So what would 650 credit score mortgage rates look like for a 30 year fixed loan of $100,000?
Well, according to data from Informa Research Services, it’d be around the 5.1% range in 2018.
If, however, you chose a 15 year fixed loan on the same amount, the rate would drop to about 4.7%.
650 credit score mortgage rate comparisons
Below you’ll find mortgage rates for a 15 year fixed loan ($100,000 principle in 2018) based on FICO scores. Also included is how much you can expect to pay per month and through the life of the loan:
Here you’ll find how much more or less you’d pay if your credit score were in a different category (either above or below 650):
- If your scored fell to between 620 – 639, you could expect to pay $5,118 more in interest.
- However, if your score improved to 660 – 679, you’d save an $3,956.
- And if you waited until your score reached 680 – 699, you’d keep an extra $5,900
- Once your score reached 700 – 759, you’d save an extra $7,496.
- Finally, once you attained the highest range being 760 – 850, you’d save $9,481.
How low can your credit score be for mortgage approval?
For many conventional loans, the lowest credit score you can have and still be approved is 620. The minimum for VA loan is also 620, however, some banks can allow consumers with 580 credit scores to be approved.
The Federal Housing Administration allows for at least a 580 credit score with a 3.5% down payment. Yet, if your score is between 500 – 579, you can still be approved. You’ll just have to put down 10%.
Are 650 credit score mortgage rates reasonable?
Lenders will most likely be inclined to grant you a mortgage if your credit score reads 650.
However, most of them will consider you a risky gamble, so the interest rates will be higher than if you had good credit as you can tell from the data above.
You should consider improving your scores first before applying for a mortgage with a 650 credit score.
However, if you decide to move forward in acquiring the best 650 credit score mortgage rates, it’s a good idea to shop around through various lenders. This way you can choose the lowest rate in your area.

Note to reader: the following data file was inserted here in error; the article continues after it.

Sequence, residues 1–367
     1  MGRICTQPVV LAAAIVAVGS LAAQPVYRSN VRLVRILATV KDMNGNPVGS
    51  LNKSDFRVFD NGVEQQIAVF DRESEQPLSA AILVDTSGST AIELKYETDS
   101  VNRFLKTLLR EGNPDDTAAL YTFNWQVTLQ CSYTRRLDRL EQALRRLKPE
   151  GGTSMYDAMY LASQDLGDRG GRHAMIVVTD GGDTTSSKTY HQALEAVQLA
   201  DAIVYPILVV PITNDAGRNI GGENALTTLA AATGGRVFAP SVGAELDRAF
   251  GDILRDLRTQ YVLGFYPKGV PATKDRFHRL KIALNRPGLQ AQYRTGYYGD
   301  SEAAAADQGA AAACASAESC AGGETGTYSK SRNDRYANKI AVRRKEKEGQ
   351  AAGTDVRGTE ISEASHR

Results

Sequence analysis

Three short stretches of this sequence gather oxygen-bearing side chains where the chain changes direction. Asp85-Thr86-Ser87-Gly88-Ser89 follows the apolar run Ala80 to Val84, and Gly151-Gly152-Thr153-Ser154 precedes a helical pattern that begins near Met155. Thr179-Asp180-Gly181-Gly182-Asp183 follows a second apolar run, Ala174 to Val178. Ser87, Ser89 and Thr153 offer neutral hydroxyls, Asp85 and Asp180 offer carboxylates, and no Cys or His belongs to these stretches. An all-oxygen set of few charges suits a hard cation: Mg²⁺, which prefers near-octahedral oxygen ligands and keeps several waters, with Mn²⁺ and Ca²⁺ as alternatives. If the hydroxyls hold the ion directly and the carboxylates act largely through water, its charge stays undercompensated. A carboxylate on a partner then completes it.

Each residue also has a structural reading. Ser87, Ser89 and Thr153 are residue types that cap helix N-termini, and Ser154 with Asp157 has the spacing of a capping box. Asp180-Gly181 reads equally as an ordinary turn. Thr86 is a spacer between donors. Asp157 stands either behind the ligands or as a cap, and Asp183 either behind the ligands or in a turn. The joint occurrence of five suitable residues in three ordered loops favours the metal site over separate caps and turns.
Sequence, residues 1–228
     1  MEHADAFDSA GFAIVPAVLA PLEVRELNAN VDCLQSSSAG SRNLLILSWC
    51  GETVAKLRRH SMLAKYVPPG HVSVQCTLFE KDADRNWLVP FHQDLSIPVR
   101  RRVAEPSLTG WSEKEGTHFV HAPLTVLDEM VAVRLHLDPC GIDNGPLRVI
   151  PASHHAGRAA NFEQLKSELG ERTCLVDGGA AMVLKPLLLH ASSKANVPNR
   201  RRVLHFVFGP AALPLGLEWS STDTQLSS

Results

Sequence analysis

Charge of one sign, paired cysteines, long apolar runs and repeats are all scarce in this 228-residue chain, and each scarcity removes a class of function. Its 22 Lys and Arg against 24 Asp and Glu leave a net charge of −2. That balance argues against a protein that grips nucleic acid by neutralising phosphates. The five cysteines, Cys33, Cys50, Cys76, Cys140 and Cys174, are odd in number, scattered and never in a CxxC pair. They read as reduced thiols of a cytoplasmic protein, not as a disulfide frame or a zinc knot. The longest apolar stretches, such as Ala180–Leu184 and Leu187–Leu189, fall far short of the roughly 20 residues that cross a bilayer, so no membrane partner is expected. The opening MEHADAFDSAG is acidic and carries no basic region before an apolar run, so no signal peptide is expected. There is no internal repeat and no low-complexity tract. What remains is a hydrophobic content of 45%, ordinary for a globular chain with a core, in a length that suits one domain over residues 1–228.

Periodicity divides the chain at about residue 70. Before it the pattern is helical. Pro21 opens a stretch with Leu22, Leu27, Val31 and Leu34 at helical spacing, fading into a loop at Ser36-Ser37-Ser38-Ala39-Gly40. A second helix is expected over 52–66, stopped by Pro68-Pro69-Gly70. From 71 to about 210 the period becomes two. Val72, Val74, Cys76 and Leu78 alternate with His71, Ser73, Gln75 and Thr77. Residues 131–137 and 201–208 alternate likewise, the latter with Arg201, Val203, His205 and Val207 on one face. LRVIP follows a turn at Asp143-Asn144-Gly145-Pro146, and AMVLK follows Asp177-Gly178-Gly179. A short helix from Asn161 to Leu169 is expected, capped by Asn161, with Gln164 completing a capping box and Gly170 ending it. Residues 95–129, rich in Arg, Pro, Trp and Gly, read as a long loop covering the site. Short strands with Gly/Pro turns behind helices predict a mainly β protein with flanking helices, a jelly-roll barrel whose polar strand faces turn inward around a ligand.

Otherwise, waiting until you’ve increase your credit rating is not a bad idea.
How to improve your credit score
There are many factors that determine your credit score. Some of the major ones include:
- Your payment history
- The length of your credit card history
- The amount you owe creditors
Here are a few points to consider when improving your score:
- Make a habit of paying your balances when they are due. The longer you delay, the lower your credit score will be. Even if you make your payments a few days earlier than you used to, it will still make a positive difference in your credit score.
- There’s little you can do regarding the length of your credit card history. Generally, the longer you’ve held that card, the better your scores will be.
- But if you have more than one card, sometimes the length of time you’ve used other cards can factor into your credit score. An older account can help boost your scores significantly.
- The amount you owe other creditors also factors into your credit score. This does not necessarily mean that if you owe a lot of money your credit scores will plummet; it simply means you’ve nearly maxed out all your credit, it will affect your scores negatively.
- If you want to improve your 650 credit score, try to pay back as much money as you owe, and in the shortest time possible. Tales of credit card scores improving from 650 to the high 700’s are not unheard of. With a little discipline and more commitment, this could be your story
Is a 650 credit score mortgage rate worth it?
If you have a 650 credit score, you’ll more often than not qualify for a mortgage. The downside of is that you may end up paying hefty sums of money in the name of interest.
Again, It’d be best if you first worked on improving your scores before taking out the loan. Or better still; seek the counsel of a credit counselor on what your best course of action would be. That way you will make the best decision.